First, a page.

Do Japanese Students Overestimate or Underestimate Their Knowledge of English Loanwords More than Non-loanwords on Yes–No Vocabulary Tests?
Kyushu Sangyo University
English loanwords (LWs), gairaigo in Japanese, make up a much greater percentage of the Japanese language than many university English teachers realize, especially if their native language is not Japanese. Unfortunately, a gairaigo bias exists which has made these LWs unpopular amongst teachers and researchers. The aim of this study is to compare student over-estimation and under-estimation of their knowledge of English LWs on yes–no vocabulary tests with an equal number of non-loanwords (NLWs). Undergraduate students from four Japanese universities (n 0 455) took two vocabulary tests of their receptive and passive recall knowledge of LWs and NLWs. Six LWs and six NLWs from each of the eight JACET 8000 levels were tested in a self- report yes–no test followed by a passive recall translation test (English to Japanese) of the same 96 items. Overall, over-estimation rates were nearly equal at 24.6% for LWs and 25.8% for NLWs. Additionally, over- estimation was more prevalent for NLWs at the higher three frequency levels (1K–3K), nearly equal with LWs at the 4K level and then more prevalent for the LWs at the lower four frequency levels (5K–8K), suggesting that student knowledge of NLWs is weak even at the higher frequency levels. Under-estimation, on the other hand, was much more prevalent for LWs (4.4% versus 0.7%). Six of the 48 LWs actually had higher passive recall test scores than yes–no test scores. These results suggest that although students do not over-estimate their knowledge of LWs more than NLWs on yes–no vocabulary tests, they do under- estimate their LW knowledge much more than NLWs.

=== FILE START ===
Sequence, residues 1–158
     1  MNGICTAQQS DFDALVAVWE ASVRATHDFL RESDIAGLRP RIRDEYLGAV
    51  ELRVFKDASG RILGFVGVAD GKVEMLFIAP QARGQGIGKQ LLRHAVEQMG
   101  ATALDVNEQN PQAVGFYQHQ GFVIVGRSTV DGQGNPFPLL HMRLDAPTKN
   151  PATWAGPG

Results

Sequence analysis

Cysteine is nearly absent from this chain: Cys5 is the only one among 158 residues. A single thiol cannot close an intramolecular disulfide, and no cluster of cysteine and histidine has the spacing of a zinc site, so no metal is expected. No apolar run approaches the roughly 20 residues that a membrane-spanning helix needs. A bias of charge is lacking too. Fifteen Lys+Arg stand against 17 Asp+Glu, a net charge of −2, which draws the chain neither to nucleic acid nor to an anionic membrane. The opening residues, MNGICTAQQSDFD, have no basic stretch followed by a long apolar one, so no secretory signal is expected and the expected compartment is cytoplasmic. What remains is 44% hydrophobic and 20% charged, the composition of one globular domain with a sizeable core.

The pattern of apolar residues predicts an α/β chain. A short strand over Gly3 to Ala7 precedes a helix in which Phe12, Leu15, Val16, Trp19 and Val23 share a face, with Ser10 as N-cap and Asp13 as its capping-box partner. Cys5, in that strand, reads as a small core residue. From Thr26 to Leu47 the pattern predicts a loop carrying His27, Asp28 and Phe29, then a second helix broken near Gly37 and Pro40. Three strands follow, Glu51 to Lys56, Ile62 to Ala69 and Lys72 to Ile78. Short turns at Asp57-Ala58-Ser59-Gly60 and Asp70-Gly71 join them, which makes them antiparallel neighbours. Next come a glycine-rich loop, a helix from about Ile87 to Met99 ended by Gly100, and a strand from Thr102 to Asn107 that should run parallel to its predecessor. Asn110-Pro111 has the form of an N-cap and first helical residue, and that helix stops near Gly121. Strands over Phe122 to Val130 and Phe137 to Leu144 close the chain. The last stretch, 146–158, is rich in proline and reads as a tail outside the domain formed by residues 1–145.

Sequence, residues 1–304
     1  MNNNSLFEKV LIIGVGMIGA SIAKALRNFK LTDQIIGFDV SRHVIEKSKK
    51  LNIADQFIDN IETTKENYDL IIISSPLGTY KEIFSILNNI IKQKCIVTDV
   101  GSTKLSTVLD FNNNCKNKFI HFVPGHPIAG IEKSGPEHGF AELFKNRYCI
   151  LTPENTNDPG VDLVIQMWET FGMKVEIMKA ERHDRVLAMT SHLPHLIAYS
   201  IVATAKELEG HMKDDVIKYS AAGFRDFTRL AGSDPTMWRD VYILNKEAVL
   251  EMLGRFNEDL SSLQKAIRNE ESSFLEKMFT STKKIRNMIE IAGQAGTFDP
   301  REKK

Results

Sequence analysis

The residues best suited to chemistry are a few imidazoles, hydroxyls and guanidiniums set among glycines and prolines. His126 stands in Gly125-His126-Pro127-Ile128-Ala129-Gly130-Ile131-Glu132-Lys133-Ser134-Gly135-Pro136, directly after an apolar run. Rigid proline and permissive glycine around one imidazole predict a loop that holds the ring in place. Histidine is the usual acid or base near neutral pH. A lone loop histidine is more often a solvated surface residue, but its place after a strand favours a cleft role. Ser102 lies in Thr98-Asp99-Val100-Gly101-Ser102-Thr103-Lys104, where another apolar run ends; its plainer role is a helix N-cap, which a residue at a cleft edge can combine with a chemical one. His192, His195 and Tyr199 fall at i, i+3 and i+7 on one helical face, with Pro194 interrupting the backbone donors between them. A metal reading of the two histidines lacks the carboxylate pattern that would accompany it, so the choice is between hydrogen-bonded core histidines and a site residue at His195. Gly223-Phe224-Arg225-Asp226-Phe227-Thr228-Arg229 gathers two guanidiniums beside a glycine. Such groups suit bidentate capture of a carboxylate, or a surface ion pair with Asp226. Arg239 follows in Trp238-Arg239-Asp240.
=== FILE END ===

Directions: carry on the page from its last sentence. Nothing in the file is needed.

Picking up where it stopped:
over-estimation of lexical knowledge; loanwords; yes-no vocabulary tests; passive recall knowledge; JACET 8000.
Stubbe, R. (2014). Do Japanese students overestimate or underestimate their knowledge of English loanwords more than non-loanwords on yes–no vocabulary tests? Vocabulary Learning and Instruction, 3(1), 29-43. doi: 10.7820/vli.v03.1.stubbe